With the lat­est tech­nol­ogy and gen­er­ous fund­ing, a grow­ing num­ber of star­tups are tak­ing sci­ence and med­i­cine to the edge of sci­ence fic­tion. In the works or on the mar­ket are color-changing flow­ers, cow-free milk, animal-free meat, tests that detect dis­eases from one drop of blood and pills that tell doc­tors whether you have taken your med­i­cine.
    ’Totally new organisms’

    But few founders are push­ing the tech­ni­cal and eth­i­cal bound­aries of sci­ence as far as Heinz, who told the Wall Street Jour­nal, “I can’t believe that after 10 or 20 years peo­ple will not design their chil­dren dig­i­tally.” At a recent con­fer­ence in Vienna, he said, “We want to make totally new organ­isms that have never existed.”
    His 11-person team has raised $10 mil­lion from more than 120 investors, includ­ing Peter Thiel’s ven­ture firm Founders Fund. “It’s a fun­da­men­tally new tech­nol­ogy that can open up a whole new indus­try,” said part­ner Scott Nolan.
    Ven­ture cap­i­tal­ist Tim­o­thy Draper, another investor, praises Heinz as an “excep­tional leader with a unique pas­sion for his busi­ness.”
    “I love Cam­brian,” he wrote in an e-mail. “The com­pany is lit­er­ally print­ing life. Can’t wait to see all the great things that come of it.”
    To be clear, Cam­brian isn’t print­ing designer babies or dinosaurs — yet. Still, its rhetoric alarms crit­ics. Marcy Darnovsky, exec­u­tive direc­tor of the Cen­ter for Genet­ics and Soci­ety, a bioethics watch­dog group in Berke­ley, sums up Heinz’s belief that “every prob­lem can be solved by engi­neer­ing” as as a kind of “techno-libertarianism.”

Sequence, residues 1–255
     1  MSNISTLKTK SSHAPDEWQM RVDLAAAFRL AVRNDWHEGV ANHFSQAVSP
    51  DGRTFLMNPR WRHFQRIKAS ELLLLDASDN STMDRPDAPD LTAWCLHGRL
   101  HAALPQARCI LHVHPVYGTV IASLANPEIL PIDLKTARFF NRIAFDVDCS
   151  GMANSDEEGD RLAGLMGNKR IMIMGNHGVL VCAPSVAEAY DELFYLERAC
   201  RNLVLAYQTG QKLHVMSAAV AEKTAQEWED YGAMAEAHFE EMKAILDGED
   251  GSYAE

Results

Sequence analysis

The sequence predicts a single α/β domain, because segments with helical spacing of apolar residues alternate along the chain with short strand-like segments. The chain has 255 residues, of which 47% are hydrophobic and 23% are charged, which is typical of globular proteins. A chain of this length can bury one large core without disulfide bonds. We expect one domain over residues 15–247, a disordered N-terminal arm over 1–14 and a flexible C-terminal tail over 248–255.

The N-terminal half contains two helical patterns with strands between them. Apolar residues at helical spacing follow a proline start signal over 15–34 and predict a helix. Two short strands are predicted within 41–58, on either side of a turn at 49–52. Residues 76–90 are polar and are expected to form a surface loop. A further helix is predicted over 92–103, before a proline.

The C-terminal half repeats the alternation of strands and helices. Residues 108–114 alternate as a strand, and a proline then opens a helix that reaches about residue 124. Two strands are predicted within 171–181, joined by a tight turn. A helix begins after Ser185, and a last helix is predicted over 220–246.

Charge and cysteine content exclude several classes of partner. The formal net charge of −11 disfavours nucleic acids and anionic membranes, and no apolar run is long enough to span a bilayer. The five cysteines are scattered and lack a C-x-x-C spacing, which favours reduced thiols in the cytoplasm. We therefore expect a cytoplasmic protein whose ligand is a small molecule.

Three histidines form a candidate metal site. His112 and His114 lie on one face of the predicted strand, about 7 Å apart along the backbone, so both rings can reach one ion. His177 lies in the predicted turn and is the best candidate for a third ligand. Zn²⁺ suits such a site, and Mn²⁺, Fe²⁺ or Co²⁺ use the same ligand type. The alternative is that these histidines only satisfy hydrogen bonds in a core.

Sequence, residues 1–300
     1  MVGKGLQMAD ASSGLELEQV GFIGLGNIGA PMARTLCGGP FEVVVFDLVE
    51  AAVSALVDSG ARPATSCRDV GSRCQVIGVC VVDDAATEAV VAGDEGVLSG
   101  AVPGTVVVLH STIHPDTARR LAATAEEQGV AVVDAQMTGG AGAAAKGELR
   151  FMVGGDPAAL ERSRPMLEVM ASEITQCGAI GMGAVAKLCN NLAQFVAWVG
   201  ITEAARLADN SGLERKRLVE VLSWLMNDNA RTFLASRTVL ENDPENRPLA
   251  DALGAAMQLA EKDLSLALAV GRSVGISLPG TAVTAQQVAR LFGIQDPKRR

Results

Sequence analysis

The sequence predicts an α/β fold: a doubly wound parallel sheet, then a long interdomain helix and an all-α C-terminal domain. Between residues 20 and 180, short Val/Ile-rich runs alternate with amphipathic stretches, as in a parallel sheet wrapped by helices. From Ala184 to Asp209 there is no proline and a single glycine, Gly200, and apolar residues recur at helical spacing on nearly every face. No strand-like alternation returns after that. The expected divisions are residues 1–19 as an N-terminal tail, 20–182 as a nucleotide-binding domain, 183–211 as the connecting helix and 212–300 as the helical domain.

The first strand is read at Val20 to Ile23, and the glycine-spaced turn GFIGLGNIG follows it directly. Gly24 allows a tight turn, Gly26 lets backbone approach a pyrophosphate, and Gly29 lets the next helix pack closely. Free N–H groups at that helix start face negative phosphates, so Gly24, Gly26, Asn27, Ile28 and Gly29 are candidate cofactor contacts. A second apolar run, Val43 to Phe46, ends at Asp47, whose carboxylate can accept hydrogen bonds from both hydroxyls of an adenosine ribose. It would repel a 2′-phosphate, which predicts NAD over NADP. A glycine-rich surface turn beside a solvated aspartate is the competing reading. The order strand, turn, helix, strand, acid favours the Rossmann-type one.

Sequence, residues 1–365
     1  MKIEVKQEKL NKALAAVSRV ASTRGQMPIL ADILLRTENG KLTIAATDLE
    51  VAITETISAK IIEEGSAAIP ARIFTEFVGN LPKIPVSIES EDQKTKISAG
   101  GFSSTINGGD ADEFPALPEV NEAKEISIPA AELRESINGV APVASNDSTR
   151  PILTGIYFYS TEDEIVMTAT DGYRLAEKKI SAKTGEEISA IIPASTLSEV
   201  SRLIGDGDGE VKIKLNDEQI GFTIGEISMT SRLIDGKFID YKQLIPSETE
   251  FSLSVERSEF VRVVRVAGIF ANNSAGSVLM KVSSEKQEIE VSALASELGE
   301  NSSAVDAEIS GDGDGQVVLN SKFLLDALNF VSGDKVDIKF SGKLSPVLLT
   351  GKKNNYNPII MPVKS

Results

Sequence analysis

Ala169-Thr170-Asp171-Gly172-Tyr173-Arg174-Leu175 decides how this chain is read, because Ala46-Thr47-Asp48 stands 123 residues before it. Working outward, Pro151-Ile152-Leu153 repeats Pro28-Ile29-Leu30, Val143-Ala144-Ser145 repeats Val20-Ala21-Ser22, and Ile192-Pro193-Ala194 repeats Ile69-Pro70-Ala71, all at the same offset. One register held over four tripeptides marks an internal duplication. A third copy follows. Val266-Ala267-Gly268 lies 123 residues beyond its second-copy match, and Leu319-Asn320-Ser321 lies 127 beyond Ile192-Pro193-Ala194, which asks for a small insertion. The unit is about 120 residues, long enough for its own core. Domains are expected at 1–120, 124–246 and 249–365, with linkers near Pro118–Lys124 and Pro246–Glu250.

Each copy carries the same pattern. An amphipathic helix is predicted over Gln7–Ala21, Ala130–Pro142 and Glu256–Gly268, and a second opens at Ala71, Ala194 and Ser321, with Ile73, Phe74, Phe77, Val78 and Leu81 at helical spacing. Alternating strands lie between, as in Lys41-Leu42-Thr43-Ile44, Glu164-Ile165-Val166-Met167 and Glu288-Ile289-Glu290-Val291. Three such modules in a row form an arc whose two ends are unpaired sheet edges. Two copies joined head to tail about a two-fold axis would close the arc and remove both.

“We have to take seri­ously peo­ple like Austen Heinz who say they want to mod­ify future gen­er­a­tions of human beings and upgrade the human species,” she said. “I think that tech­ni­cal project is far more com­pli­cated than they acknowl­edge. Nonethe­less, their story about what we should be striv­ing for as human beings, as a soci­ety, I think is very trou­bling.”
    ’Pow­er­ful tech­nol­ogy’
    Sci­en­tists mod­ify the DNA of liv­ing organ­isms for many rea­sons: to make plants resis­tant to her­bi­cides and pests, for exam­ple, or to make research ani­mals mimic human con­di­tions and diseases.

    Edit­ing DNA has become sig­nif­i­cantly less costly over the last decade, and Cam­brian has mod­i­fied or built machines that make the process even cheaper and faster. Tra­di­tion­ally, Heinz said, machines cre­ate DNA strands one at a time and many of them con­tain errors. His method makes mil­lions of strands at once, errors and all, to also gen­er­ate a few cor­rect ones.
    “It is the most pow­er­ful tech­nol­ogy humans have ever cre­ated,” Heinz said. “Hydro­gen bombs can destroy whole plan­ets, but this is a tech­nol­ogy that can cre­ate plan­ets. This is the great­est human achieve­ment of all time — the abil­ity to read and write life, because that’s who we are.”